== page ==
Did you know that happiness could be bottled and sold all over the world? If not, then it would seem Coca-Cola’s message has been lost on you. Since 1886, the company has been focused on delivering happiness. Though their slogan has changed many times over the years, the brand has always centered their message on the idea that happiness is a bottle of Coke. Today, they’re getting right to the point with their 2012 campaign, Open Happiness.
What makes a brand like Coca-Cola so successful? What tactics are they using that can be applied to your business? Today, we’re going to take a quick look at these questions, digging into what makes this brand work so efficiently.
Building a Brand with First-Class Leadership
While it takes an incredible amount of vision to effectively develop a brand, that vision is nothing without the execution that only comes from great leaders. Branding for business (or individuals) requires leaders, and Coca-Cola has plenty of them.
In 2007, Joseph Tripodi joined Coca-Cola as the company’s Chief Marketing Officer. As one of the most influential leaders in the company, Tripodi has done tremendous work in directing the company’s engagement tactics. For Tripodi, customer engagement is essential for building a brand.
In a 2011 article written for the Harvard Business Review, Tripodi explains how Coca-Cola is no longer just tracking “consumer impressions,” but also focusing on “consumer expressions.” For Coca-Cola, the focus is moving from what customers think to how they react. He makes a great point in the article: “Assume that you don’t own your brands; your consumers do.” Tripodi and the leaders behind the Coca-Cola brand acknowledge that talking to customers instead of dialoging with customers is problematic. Customers define the brand; hear what they have to say. (See my fourth point on this recent blog post.)
And, remember, branding for business doesn’t require a budget like Coca-Cola’s. The most recent figures on advertising expenses that Coca-Cola has released are from 2006, showing $2.6 billion spent on advertising (up from $1 billion in 1993, the earliest year with official figures). However, having conversations that generate interest in your brand doesn’t have to cost you that much! Blogs and social media only cost your time.
Coca-Cola Focuses on Uniformity
One of the most effective business tactics Coca-Cola employs is the uniformity of customer experience. A brand’s success is contingent upon customers’ ability to know it when they see it. The Coca-Cola Company has over 500 brands in more than 200 countries, but no matter where you are in the world, you know if you’re looking at a Coca-Cola product.
The iconic red and white logo is recognized by 94% of the world’s population. How’s your brand doing? While the company has a great product, over 125 years of business experience, and billions of dollars to work with, uniformity of that magnitude doesn’t just happen.
Offering customers a trusted product that is reliable time after time is one of the most effective business tactics any company can employ. But remember – uniformity isn’t just about the product; it’s also about the experience.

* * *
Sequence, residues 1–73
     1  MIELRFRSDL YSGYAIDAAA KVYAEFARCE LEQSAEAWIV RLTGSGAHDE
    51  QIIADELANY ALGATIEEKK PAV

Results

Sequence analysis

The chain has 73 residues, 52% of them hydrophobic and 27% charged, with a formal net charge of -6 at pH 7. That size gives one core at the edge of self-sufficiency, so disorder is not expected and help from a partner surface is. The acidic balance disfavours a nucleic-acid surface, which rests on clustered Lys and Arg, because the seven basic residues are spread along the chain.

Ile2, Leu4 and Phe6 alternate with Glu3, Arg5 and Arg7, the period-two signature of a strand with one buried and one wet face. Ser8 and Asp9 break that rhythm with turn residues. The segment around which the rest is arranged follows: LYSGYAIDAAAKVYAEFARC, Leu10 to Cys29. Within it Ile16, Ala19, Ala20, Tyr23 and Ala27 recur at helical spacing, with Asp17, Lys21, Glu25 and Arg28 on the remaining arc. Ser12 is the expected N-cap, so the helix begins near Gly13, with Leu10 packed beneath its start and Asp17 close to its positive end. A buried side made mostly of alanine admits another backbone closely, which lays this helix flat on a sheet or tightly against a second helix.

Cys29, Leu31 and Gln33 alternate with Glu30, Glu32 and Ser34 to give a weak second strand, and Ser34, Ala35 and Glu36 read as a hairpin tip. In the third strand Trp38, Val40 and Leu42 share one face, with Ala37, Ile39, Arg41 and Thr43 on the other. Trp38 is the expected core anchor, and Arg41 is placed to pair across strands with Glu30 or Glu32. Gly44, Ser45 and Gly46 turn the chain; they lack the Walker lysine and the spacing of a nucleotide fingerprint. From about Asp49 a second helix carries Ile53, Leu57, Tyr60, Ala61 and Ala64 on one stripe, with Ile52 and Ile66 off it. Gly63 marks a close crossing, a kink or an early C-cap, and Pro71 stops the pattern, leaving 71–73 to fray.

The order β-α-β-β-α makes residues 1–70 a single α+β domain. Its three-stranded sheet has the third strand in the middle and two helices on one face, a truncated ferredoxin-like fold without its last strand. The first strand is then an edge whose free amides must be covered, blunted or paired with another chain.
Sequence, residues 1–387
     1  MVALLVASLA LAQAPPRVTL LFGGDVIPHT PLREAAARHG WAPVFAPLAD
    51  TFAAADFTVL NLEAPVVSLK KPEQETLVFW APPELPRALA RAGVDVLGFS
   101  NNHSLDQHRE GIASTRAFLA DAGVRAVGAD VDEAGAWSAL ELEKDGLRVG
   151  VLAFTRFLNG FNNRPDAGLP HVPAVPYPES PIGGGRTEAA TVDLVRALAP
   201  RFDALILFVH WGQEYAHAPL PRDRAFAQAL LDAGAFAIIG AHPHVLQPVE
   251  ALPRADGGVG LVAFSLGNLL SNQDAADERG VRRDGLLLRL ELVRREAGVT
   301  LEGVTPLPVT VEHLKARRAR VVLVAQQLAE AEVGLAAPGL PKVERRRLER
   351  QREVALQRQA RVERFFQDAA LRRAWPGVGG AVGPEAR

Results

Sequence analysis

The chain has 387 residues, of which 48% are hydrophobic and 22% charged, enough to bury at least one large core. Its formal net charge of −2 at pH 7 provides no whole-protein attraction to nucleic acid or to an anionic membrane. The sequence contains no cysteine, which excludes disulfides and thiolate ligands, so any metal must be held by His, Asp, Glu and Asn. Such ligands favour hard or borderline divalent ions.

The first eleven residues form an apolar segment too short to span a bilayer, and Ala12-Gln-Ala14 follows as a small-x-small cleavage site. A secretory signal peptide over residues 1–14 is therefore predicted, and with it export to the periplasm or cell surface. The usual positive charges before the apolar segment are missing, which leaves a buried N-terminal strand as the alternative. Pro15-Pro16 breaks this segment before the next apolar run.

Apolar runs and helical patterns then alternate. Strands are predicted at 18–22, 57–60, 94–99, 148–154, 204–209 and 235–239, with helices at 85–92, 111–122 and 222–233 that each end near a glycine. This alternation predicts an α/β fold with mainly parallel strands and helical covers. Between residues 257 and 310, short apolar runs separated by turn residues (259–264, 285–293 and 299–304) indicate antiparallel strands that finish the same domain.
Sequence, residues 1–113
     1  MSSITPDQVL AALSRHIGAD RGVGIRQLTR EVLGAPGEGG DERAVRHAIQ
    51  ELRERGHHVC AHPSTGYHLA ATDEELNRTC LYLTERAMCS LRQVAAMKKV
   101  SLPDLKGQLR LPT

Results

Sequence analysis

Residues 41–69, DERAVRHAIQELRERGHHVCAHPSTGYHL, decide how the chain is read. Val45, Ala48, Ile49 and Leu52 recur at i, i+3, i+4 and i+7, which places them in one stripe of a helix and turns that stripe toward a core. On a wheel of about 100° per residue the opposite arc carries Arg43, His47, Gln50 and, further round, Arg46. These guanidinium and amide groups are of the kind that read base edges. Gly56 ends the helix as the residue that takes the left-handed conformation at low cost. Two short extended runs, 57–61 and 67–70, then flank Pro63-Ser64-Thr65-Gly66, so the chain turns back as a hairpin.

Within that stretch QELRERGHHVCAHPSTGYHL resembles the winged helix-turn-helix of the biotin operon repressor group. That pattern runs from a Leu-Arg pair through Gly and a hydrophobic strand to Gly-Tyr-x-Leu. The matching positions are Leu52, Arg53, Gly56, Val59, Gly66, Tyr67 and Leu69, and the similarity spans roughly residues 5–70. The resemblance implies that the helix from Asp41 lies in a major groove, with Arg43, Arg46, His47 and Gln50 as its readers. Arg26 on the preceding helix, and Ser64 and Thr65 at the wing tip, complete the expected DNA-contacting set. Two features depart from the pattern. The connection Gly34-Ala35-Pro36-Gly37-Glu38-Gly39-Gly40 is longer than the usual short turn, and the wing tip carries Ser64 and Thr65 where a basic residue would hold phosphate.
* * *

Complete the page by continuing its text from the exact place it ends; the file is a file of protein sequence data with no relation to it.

Brands are defined by the customer’s experience, a lesson Coca-Cola has taken to heart. For Coca-Cola, that emphasis is on “buying happiness” and nurturing a sense of community and love. Have you seen the Coca-Cola Happiness Machine?
The Coke Style
And, of course, the Coca-Cola brand has style. Branding for business will flop without style. While a lot of Coca-Cola’s brand marketing is done in-house, many of the major projects are outsourced to major branding/ad agencies like Wieden + Kennedy.
While Coca-Cola knows its style, outsourcing some parts of the branding process to hugely successful agencies like Wieden + Kennedy has been a smart move. The duo is responsible for numerous Coca-Cola marketing campaigns, most notably the Open Happiness campaign.
Most importantly, Coca-Cola remembers its roots and has successfully built the brand by delivering exactly what customers want: an experience that draws on a long heritage. Your brand probably doesn’t have a history that goes back to 1886, but you have a history of some sort. Coca-Cola pushes their story constantly. Check out their recent history-based campaign, The Secret Formula.
Coca-Cola Defines Brand Loyalty
Have you ever known someone who “just ordered water” because Pepsi was the only soft drink available for dinner? You probably didn’t even consider this behavior to be eccentric. Why? Coca-Cola has crafted brand loyalty that goes a step further than your typical case of brand loyalty. (Apple users could be an exception.)
This kind of loyalty is one of the most essential business tactics for you to employ as well. When you’re in the business of selling happiness (like Coke), you make your product indispensable.
Today, I want to encourage you to make your product indispensable in the same way. Remember, it starts with leadership that interacts with customers. Next, develop your brand’s uniformity and style. And, fourthly, encourage loyalty that centers on your indispensable product.
What else do you see Coca-Cola doing to develop itself as one of the world’s most compelling brands?